On the flight, death and skull. New details emerge

left-margaret-thompson-sallie-rector-catherine-rector-emily-rector-log-cabin-on-rattlesnake-mountain
Thompson family members at their home on Rattlesnake Mountain in Fauquier County. They are Margaret Thompson, Sallie Rector, Catherine Rector and Emily Rector, from left. The log cabin is now the site of a Boy Scout camp. (Photo from Linda Tate and the Afro-American Historical Association of Fauquier County.)

I knew from my years as a reporter that it was not unusual to hear from key sources after publication. That is what happened with The Last Lynching in Northern Virginia. New sources came forward with new details.

In September, two weeks after the book came out, a member of the Shedrick Thompson family wrote to my colleague Dylan Nicholls to say that family members wanted to talk to us.

The family told us more about Thompson’s movements after his attack on Henry and Mamie Baxley in Fauquier County in July 1932, about the reaction of his family to his flight, and about what happened when family members learned of his lynching.

This new information came from Melvin Clay and Julia Mopkins, brother and sister, residents of Maryland, and both in their 80s. They are the children of Ola Clay, one of Thompson’s sisters. Tom Davenport, a Fauquier County filmmaker, interviewed them recently. (I have written about Tom and our collaborations here.)

We already knew that Thompson fled west into the mountains of northern Fauquier after he attacked the Baxleys. Now we know that he went to his boyhood home, a short distance away on Africa Mountain, where he told his mother, Fannie Thompson, what had happened. She asked him to leave, saying that by being there, he put the entire family at risk. She was correct. Family members were later threatened and even jailed while Thompson was at large. And the Thompson home was under constant watch. “They were prisoners in their own home for a short period of time,” Mopkins said.

Thompson was missing for two months, when his body was discovered hanging from an apple tree on Rattlesnake Mountain. Word of the discovery spread, and a mob gathered to set fire to the body. We now know that the Thompson family also learned of the discovery, and that Marrington Thompson, Shedrick’s father, went to the scene. Was the mob still there? Did he try to prevent the burning? We don’t know.

After the burning, officials carried Thompson’s skull and shoes, all that remained, back to Warrenton. The skull was displayed under the steps of the county courthouse and was later moved to the county coroner’s office. Then it seemed to disappear. Now we know that someone took it back to Africa Mountain and placed it on the Thompsons’ front porch.  “My grandmother had nightmares,” said Clay. “She lived with that for the rest of her life.”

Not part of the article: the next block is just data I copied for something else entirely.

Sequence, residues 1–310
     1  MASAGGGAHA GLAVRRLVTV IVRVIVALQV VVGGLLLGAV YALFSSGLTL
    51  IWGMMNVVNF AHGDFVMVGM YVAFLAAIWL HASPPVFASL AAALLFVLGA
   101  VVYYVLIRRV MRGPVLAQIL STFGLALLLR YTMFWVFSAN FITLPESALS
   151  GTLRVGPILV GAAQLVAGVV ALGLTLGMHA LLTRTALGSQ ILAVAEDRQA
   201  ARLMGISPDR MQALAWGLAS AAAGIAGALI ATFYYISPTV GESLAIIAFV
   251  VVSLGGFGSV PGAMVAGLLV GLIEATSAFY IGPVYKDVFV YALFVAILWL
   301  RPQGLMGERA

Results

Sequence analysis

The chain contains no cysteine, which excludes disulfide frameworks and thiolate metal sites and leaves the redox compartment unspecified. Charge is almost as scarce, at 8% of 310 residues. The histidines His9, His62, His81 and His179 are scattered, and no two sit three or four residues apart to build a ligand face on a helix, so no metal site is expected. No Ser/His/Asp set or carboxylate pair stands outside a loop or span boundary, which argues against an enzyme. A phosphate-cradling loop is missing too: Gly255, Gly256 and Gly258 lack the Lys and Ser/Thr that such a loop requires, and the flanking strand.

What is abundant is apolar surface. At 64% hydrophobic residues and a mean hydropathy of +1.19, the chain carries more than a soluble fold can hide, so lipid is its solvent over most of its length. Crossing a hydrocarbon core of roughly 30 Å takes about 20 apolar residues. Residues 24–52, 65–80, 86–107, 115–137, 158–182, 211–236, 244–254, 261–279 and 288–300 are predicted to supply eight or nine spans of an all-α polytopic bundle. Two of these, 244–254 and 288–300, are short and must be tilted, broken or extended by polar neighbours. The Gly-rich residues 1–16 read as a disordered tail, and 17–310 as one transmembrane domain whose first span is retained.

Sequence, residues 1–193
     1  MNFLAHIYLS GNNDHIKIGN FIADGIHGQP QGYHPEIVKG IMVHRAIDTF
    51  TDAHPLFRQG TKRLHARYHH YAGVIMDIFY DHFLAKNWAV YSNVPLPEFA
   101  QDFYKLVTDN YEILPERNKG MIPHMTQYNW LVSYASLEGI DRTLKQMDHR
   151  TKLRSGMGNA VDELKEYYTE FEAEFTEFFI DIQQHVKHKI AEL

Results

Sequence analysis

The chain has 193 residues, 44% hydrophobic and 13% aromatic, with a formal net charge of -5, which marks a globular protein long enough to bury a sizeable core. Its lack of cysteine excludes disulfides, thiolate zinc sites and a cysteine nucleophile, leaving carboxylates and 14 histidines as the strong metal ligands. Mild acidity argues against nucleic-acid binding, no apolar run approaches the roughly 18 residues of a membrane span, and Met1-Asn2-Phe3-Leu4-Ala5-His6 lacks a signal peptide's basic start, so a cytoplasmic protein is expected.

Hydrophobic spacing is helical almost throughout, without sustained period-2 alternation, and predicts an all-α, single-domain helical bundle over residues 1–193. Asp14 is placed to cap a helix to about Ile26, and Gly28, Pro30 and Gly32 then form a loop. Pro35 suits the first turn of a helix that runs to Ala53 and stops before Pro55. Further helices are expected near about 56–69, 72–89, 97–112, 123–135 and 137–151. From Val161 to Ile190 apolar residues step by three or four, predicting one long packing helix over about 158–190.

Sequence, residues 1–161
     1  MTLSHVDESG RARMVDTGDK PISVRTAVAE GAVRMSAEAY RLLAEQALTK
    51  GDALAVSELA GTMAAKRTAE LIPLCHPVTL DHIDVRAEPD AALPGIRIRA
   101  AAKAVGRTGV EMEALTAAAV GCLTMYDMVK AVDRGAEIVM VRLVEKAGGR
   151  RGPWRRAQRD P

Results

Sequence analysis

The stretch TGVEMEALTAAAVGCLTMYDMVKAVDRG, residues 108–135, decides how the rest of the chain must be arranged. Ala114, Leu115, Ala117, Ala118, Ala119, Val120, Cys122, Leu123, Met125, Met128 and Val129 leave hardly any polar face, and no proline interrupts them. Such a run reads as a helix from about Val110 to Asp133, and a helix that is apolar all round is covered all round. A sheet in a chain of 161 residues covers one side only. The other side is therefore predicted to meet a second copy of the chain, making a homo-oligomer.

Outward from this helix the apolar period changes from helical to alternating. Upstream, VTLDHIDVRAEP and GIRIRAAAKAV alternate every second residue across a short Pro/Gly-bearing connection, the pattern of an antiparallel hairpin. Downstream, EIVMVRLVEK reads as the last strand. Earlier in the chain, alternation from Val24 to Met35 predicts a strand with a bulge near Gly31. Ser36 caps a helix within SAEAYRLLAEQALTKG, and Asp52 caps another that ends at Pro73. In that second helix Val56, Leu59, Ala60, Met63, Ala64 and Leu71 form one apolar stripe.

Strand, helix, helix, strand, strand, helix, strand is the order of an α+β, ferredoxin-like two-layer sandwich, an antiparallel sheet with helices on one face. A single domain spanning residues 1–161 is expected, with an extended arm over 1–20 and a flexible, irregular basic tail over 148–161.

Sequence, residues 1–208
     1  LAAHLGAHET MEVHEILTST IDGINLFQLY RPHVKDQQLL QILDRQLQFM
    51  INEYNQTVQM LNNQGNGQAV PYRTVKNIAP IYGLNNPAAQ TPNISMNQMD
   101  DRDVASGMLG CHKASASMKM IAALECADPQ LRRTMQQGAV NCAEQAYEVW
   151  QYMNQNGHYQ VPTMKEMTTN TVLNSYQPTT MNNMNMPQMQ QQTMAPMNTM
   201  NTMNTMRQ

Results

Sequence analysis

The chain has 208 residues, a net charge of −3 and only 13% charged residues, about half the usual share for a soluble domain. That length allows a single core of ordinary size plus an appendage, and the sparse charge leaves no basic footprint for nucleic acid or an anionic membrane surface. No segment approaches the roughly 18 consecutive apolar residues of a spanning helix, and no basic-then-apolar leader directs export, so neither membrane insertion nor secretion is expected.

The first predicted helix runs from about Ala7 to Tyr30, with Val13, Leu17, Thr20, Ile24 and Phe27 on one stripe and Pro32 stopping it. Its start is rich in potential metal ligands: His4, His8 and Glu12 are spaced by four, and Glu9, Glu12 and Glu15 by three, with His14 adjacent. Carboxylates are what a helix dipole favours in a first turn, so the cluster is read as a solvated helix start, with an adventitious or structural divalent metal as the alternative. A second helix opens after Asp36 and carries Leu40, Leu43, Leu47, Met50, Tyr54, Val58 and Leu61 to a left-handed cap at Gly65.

A face for radio.
A face for radio.

PS: Last week I was guest of Ted Schubel on News Talk 1230 WFVA radio.You can listen to the 40-minute interview here.

Banned in Warrenton? I hope not

The Fauquier County courthouse in Warrenton.
The Fauquier County Courthouse in Warrenton.

I expected this book to be judged on whether it is informative, entertaining and accurate. I did not expect it to be judged on whether it was “sensitive.” Sensitive? A history book?

I bring this up because of an email I received last week from a publicist at History Press, the publisher. She wrote that a field sales representative for the company visited many of the shops on Main Street in Warrenton but could find none that would carry The Last Lynching in Northern Virginia. The book takes place in Warrenton and Fauquier County, but apparently the local angle did not sway the merchants. “Some retailers are hesitant to carry it due the sensitive subject matter,” she wrote.

She also described how the book has been subjected to board review at the Fauquier History Museum at the Old Jail in Warrenton. The museum has a nice gift shop and book section, but again, the book is apparently too sensitive to place on the shelves.

Three of the museum’s board members are reading the book to see if it is appropriate to sell there. “We have 2 out of the necessary 3 approval votes to get it in the shop,” wrote the publicist. “At this point, we just have to wait for the third individual to finish reading and give the “okay” before we move forward.”

The museum is run by the Fauquier Historical Society, a private organization, which is free to sell whatever it wants in its gift shop. But I hope that society members are true to their mission. The society was formed in 1964 to “stimulate interest in Fauquier County and Virginia history by preserving the evidence of our past, connecting it to our present and educating the community about its importance to the future.”

Preserve the past, connect it to the present, and educate the community about its importance.

I see no distinction in this mission statement between history that’s uncomfortable and history that’s ennobling.

I would argue that the tale of a lynching is just as important, just as instructive, to a community’s understanding of itself as the tale of a soldier’s heroism in battle. Perhaps more so.

documentPS: I’ll be at the Manassas Museum, 9101 Prince William St., Manassas, this Sunday, Nov. 13, at 1:30 p.m. to talk about The Last Lynching in Northern Virginia and to sign books. Hope to see you there.